A promising alternative to kidney transplantation or dialysis for people with end stage kidney disease is the Development of a surgically implantable, artificial kidney. More than 430,000 of those with kidney failure now undergo dialysis, which is more costly and less effective than transplantation and typically requires hours-long stays at a clinic, three times weekly. Only about one in three patients who begins dialysis survives longer than five years, in comparison to more than four in five transplant recipients. Inorder to create a permanent solution to the scarcity problem in organ transplantation, Along with Roy at UCSF and Fissell at Vanderbilt, a national team of scientists and engineers at universities and small businesses are working toward making the implantable artificial kidney.

One component of the new artificial kidney is a silicon nanofilter to remove toxins, salts, some small molecules, and water from the blood. Roy's research team designed it based on manufacturing methods used in the production of semiconductor electronics and microelectro- mechanical systems (MEMS). The new silicon nanofilters offer several advantages—including more uniform pore size—over filters now used in dialysis machines, according to Roy. The silicon nanofilter is designed to function on blood pressure alone and without a pump or electrical power.

The second major component is a "bioreactor" that contains human kidney tubule cells embedded within microscopic scaffolding. These cells perform metabolic functions and reabsorb water from the filtrate to control blood volume.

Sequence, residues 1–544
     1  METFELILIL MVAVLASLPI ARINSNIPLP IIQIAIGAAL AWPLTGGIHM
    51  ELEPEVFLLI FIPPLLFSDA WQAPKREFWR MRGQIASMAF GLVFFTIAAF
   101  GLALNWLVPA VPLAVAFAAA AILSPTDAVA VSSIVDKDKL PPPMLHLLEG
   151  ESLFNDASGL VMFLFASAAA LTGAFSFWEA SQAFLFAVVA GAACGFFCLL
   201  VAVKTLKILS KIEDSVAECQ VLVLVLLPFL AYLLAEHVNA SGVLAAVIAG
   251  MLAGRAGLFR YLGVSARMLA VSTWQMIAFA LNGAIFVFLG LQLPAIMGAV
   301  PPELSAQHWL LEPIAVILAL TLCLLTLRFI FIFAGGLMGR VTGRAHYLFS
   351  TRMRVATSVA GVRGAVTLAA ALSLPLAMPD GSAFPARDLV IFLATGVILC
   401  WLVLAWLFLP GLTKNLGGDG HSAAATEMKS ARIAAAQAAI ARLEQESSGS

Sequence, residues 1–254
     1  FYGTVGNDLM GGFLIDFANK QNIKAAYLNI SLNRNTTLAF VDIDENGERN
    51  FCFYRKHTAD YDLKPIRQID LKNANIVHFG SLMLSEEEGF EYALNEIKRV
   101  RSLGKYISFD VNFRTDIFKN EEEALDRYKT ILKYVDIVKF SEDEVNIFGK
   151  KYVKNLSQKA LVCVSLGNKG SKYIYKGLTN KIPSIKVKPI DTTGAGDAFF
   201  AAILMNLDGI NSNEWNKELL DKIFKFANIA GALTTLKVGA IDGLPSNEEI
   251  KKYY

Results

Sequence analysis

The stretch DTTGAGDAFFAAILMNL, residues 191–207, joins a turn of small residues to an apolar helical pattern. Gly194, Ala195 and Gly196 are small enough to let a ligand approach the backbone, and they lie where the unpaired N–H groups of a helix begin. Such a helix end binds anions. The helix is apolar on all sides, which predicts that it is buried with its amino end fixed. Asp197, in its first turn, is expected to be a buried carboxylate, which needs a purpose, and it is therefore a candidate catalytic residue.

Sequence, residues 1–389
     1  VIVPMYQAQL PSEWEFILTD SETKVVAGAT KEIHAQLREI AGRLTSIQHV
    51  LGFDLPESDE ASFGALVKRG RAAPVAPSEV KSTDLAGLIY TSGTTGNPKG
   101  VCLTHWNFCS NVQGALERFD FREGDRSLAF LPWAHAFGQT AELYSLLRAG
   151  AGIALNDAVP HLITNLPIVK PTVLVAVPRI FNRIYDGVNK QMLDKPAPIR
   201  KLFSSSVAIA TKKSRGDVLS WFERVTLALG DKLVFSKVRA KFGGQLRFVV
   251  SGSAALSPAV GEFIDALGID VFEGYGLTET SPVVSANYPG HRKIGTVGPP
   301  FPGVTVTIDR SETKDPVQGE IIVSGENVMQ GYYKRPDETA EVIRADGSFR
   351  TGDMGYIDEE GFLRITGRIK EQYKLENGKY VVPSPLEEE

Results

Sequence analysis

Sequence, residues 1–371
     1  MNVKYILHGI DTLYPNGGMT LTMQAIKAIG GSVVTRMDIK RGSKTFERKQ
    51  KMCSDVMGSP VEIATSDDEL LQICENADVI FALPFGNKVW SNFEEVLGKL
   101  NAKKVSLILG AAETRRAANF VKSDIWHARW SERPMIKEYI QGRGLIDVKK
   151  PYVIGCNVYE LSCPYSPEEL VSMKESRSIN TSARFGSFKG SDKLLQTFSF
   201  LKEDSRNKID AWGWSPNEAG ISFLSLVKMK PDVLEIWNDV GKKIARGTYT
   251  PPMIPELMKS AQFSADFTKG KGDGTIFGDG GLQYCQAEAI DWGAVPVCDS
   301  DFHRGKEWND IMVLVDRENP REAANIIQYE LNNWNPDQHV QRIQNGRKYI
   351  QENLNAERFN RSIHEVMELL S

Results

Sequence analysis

A bioreactor, used in combination with ultrafiltration in an external device, greatly increased survival in comparison to dialysis alone in the treatment of patients with acute kidney failure in a hospital intensive care unit.

The artificial kidney being developed, is designed to be connected internally to the patient's blood supply and bladder and implanted near the patient's own kidneys, which are not removed. Unlike human kidney transplant recipients, patients with the implantable artificial kidney will not require immunosuppressive therapy. The nonreactive coatings developed for device components are unlikely to lead to filter clogging or immune reactions, he said, and that bioreactor cells can survive for at least 60 days under simulated physiological conditions(9).


Tissue engineering of an implantable bioartificial kidney composed of both biologic and synthetic components Bresult in substantial benefits for patients by increasing life expectancy, mobility, and quality of life; with less risk of infection and reduced costs. This approach could also be considered a cure rather than a treatment for patients.  Essential features of kidney tissue must be utilized to direct the design of bioartificial kidney for renal function replacement through tissue-engineering project.